Most prospective Massachusetts home buyers assume the tank near a home's heating system is a hot water heater, producing hot water for showers, washing clothes, or cleaning dishes. Most of the time, that's correct, but not always.
An indirect hot water tank is one alternative to a traditional hot water heater. An indirect hot water tank, also known as an indirect water heater, is a water heating system that uses an external heat source, such as a boiler or a solar thermal system, to heat water. It is called "indirect" because the heat source does not directly heat the water inside the tank but transfers heat through a heat exchanger.
Indirect hot water tanks are typically well-insulated to minimize heat loss, and they can be integrated with various heat sources, including boilers fueled by natural gas, oil, or propane, as well as solar thermal systems, heat pumps, or geothermal heat sources.
Here's how an indirect hot water tank typically works:
(1). Heat Source: The primary heat source, such as a boiler or a solar thermal system, generates hot water or, in some cases, steam or a water-glycol mixture.
(2). Heat Exchanger: The hot water from the heat source flows through a coil or a heat exchanger inside the indirect hot water tank. The heat exchanger is usually made of copper or stainless steel and is immersed in the tank.
(3). Heat Transfer: As the hot water passes through the heat exchanger, it transfers its heat to the water inside the tank without coming into direct contact with it. The heat exchanger efficiently transfers the heat from the primary source to the water.
(4). Hot Water Storage: The heated water in the tank is stored for later use. The tank acts as a reservoir, ensuring a steady hot water supply.
(5). Domestic Hot Water Supply: When you turn on a faucet or a shower, cold water from the main supply enters the tank and flows through a separate pipe inside the heat exchanger. The cold water absorbs the heat from the heat exchanger and exits the tank as hot water, ready for use.
The main advantage of an indirect hot water tank is its efficiency. If used with a high-efficiency boiler and well-insulated tank, an indirect water heater can be the least expensive means of providing hot water in your home.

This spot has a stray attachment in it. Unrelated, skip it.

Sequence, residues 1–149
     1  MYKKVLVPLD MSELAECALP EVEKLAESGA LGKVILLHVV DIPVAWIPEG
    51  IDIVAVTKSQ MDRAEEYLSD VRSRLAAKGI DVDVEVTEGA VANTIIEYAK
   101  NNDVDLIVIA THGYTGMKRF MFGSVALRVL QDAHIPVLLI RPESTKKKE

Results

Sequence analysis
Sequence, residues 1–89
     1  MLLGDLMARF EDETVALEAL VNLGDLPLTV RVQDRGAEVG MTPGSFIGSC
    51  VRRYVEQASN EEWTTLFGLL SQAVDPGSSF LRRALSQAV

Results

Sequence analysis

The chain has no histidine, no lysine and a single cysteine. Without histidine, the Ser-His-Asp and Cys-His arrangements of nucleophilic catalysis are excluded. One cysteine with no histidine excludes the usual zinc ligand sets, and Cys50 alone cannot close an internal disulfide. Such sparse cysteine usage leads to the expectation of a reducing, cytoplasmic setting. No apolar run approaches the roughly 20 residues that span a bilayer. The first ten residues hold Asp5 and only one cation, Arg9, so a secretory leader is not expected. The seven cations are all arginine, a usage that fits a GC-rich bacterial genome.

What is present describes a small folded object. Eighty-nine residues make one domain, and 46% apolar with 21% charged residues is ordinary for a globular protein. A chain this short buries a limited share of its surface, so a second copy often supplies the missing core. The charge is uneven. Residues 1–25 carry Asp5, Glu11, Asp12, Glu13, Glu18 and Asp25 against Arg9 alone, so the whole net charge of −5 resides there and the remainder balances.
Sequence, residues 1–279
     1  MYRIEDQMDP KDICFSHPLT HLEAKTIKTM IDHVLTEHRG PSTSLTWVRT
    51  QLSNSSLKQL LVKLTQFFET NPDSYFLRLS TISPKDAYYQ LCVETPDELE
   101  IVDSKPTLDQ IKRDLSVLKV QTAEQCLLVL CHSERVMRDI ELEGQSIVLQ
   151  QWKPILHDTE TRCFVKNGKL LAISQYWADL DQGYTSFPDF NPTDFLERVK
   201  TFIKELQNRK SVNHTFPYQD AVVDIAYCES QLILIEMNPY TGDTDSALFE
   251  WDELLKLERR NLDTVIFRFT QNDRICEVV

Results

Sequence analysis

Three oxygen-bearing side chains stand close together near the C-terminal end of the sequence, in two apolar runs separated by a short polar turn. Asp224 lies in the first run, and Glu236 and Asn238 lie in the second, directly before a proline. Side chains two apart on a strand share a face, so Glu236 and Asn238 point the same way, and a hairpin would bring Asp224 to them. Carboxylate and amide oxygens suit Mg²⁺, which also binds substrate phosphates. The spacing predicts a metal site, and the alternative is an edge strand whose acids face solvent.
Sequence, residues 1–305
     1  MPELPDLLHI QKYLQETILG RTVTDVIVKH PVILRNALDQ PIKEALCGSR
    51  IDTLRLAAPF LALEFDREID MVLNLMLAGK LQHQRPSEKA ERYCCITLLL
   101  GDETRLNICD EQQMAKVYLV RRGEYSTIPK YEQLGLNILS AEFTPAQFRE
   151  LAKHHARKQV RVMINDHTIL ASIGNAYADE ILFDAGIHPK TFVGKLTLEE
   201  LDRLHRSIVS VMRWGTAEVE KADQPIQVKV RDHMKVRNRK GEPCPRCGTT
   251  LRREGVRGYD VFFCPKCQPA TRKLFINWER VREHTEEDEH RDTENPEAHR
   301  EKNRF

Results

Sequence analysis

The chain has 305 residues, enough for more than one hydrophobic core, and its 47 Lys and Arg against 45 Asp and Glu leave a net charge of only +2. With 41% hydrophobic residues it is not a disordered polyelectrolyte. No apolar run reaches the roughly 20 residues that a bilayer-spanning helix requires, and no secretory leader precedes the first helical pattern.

Indirect water heaters are more efficient than other types of domestic water heaters for most homes, even though they require a storage tank. The energy stored by the water tank allows the boiler to turn off and on less often, which saves energy. Also, indirect hot water tanks do not have a vent, so they do not lose heat through an exhaust pipe.
The heat exchanger also allows for quick and efficient heat transfer, ensuring a rapid hot water supply. Since the heat source doesn't come into direct contact with the water, there is no risk of contamination or scaling. Traditional hot water heaters typically heat the water directly using natural gas, propane, or electricity.
A home buyer or new homeowner will want to consider the following concerning indirect hot water tanks:
The size of the home and the number of people who live there will affect the tank size needed.
The type of boiler or furnace present will affect the compatibility of the tank.
The insulation of the tank will affect its efficiency.
The warranty offered by the manufacturer is an important consideration.
Besides efficiency, indirect hot water tanks save consumers money in other ways. Indirect hot water heaters are more durable because of their thicker materials than traditional tank water heaters, making them more damage-resistant and longer lasting.
Indirect water heaters are some of the least complicated domestic water heater systems, meaning there are fewer parts and a more straightforward product requiring less maintenance. There's also no burner in the tank which minimizes sediment buildup.